In recent years, there has been lively discussions concerning word order in Biblical Hebrew. For last century, and until very recently, the consensus among most scholars has been that Hebrew exhibits VERB-SUBJECT word order. For example:
בְּרֵאשִׁית בָּרָא אֲלֹהִים אֵת הַשָּׁמַיִם וְאֵת הָעָרֶץ׃
In the beginning, God created the heavens and the earth.¹
At the head of the clause, we have an infinitive followed by the perfect verb ברא, followed by the subject אֲלֹהִים. The verb is first, followed by the subject. While this is the most common word order, I argue (following John A. Cook and Robert D. Holmstedt) that it is not the “default” word order. Instead, the default word order is SUBJECT-VERB, as in English.
The Problem with Verb-Subject Word Order
Since VS word order is the most common, one can expect that there are many grammatical phenomena that cause the words to “invert”. However, we run into standard SV word order fairly quickly in Genesis chapter 4:
וְהָ֣אָדָ֔ם יָדַ֖ע אֶת־חַוָּ֣ה אִשְׁתּוֹ֑
Adam knew Eve, his wife (Gen 4:1)
Here we have one of our first instances of SV word order in Scripture. But why? Traditional Hebrew grammarians will argue that the word order is displaced because of “emphasis” – that is, the writer is emphasizing that ADAM knew his wife. There is, however, little evidence to support this claim, at least in this verse. Exactly how and why is Adam being emphasized? Is the author trying to single him out (who else was around?)? It seems like the vav conjunction is doing nothing more than starting a new narrative episode. So, rather than emphasizing the subject, the author is doing the opposite – the text is unmarked and un-emphasized (hereafter referred to as “focused”), so the clause exhibits normal SV word order.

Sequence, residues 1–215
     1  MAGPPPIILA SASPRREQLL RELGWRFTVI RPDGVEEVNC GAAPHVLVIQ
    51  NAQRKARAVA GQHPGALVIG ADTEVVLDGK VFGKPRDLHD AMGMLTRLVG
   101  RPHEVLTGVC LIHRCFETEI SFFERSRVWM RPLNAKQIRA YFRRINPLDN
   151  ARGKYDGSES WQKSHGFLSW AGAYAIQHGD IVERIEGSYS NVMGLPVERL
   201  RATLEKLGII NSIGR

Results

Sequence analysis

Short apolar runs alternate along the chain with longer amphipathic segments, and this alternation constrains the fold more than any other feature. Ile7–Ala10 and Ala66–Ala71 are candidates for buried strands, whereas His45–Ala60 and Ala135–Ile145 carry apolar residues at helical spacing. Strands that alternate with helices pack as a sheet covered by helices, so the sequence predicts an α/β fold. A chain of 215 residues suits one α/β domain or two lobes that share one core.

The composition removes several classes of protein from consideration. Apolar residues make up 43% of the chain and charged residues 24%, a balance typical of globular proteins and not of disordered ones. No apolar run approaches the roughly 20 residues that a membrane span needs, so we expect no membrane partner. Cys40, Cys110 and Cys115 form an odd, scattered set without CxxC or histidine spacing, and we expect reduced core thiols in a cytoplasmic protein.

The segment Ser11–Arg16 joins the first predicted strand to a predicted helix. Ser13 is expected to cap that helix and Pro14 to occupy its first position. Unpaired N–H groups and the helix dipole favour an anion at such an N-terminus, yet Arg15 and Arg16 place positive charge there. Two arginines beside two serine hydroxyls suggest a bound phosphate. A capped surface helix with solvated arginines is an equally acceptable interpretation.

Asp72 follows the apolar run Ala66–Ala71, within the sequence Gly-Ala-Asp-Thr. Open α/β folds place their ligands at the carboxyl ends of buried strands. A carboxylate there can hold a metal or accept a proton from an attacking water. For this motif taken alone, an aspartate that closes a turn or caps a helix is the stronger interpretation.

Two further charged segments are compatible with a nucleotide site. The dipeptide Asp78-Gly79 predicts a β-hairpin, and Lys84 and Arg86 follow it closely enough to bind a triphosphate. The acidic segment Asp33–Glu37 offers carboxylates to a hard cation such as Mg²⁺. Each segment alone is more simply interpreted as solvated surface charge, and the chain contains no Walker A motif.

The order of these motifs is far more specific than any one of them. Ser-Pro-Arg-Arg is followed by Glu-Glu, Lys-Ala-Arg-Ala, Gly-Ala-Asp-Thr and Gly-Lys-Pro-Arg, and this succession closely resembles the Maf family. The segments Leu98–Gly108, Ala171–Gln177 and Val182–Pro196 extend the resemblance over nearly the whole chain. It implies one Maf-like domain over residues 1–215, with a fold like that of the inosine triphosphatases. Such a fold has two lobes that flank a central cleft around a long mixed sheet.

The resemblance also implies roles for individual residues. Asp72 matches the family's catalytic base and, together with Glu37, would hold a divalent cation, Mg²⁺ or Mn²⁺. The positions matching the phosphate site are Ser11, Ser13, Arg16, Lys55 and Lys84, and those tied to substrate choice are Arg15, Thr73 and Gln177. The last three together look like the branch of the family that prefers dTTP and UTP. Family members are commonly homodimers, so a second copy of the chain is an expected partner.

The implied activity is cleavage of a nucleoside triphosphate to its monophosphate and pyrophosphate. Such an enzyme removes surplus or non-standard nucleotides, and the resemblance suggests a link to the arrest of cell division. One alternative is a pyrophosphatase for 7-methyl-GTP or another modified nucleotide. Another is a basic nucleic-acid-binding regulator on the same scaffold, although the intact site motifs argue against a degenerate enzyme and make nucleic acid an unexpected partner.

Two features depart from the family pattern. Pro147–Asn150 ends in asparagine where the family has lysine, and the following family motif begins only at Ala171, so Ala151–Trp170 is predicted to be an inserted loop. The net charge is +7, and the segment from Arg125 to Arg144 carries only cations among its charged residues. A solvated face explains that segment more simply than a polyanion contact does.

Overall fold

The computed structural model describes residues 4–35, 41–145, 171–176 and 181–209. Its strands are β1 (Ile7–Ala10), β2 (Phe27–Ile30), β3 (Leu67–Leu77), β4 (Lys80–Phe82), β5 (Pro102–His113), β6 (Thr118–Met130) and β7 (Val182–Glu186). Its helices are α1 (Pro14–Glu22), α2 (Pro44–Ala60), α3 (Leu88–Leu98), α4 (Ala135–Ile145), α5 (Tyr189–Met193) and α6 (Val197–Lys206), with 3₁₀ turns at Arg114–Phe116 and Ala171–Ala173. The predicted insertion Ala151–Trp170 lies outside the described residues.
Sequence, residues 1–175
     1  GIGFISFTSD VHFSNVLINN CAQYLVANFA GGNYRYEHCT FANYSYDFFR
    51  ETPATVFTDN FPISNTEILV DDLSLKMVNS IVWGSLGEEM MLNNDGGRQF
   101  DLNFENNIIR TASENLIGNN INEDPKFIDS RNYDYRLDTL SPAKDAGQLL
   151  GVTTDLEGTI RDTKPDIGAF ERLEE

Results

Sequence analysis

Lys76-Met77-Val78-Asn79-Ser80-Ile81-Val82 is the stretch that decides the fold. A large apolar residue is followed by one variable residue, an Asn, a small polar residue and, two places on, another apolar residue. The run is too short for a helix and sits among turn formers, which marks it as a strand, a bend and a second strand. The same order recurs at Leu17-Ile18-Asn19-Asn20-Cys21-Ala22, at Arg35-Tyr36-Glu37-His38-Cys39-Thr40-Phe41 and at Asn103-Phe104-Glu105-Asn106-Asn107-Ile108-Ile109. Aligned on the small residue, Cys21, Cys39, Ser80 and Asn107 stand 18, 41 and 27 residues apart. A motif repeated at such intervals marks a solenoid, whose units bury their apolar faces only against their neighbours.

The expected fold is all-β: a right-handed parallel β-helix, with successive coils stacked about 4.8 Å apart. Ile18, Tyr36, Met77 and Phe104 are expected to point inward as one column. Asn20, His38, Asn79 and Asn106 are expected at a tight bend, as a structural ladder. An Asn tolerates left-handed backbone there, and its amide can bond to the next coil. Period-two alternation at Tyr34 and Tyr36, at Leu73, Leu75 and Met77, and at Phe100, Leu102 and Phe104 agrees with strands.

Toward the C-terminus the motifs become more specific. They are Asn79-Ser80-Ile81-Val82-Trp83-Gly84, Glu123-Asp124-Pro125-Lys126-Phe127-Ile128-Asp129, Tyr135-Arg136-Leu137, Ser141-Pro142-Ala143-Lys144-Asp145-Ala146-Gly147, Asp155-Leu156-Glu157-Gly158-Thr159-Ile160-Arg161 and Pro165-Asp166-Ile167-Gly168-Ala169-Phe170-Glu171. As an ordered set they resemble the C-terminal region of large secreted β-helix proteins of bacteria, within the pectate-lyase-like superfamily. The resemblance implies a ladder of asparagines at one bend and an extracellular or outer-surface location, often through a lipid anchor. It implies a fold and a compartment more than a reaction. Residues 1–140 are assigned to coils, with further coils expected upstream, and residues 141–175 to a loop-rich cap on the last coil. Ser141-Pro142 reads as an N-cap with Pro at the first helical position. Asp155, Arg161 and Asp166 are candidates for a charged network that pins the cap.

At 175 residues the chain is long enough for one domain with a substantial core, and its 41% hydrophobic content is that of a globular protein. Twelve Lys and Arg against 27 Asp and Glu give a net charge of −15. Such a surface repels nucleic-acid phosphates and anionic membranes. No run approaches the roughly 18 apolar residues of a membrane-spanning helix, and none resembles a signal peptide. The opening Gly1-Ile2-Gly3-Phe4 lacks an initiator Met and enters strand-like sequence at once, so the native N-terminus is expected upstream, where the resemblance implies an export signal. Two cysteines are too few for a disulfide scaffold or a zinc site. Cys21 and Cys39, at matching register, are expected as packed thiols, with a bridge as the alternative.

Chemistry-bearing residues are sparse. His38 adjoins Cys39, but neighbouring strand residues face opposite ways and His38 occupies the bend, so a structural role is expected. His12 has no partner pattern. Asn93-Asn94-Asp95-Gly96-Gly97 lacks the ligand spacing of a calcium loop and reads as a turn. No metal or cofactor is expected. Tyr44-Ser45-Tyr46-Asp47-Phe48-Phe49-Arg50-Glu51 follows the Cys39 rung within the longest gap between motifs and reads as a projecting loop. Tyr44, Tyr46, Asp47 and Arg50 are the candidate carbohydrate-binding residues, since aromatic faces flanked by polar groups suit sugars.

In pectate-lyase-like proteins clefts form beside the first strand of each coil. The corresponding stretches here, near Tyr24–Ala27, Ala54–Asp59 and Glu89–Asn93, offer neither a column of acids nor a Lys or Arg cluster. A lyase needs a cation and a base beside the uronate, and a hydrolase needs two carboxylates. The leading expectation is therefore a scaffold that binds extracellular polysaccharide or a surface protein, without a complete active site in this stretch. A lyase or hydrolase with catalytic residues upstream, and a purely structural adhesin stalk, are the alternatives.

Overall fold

So then, why is VS word order the most common word order in BH?
While I (again, following John Cook and Robert Holmstedt) argue that the default (unmarked) word order is SV like in English, it is not the most common. There are numerous grammatical phenomena in BH that affect word order, among them grammatical words at the heads of clauses, past-narrative conjugation (traditionally called waw-consecutive/conversive imperfect, or traditionally, the wayyiqtol pattern), and focus-fronting (traditionally called “emphasis”). In this blog post, I will examine inversion triggered by grammatical words at the heads of phrases and the past-narrative conjugation. I will save focus (emphasis) for another blog post.
Grammatical Words at the Heads of Clauses
One common way in which word order is “inverted” in Biblical Hebrew is that if there is a grammatical word at the front of a clause. Let’s take a look at a few examples:
וְהַנָּחָשׁ הָיָה עָרוּם מִכֹּל חַיַּת הַשָּׂדֶה, אֲשֶׁר עָשָׂה יְהוָה אֱלֹהִים
(Now) the serpent was more crafty than any beast of the field that the Lord GOD made (Gen 3:1)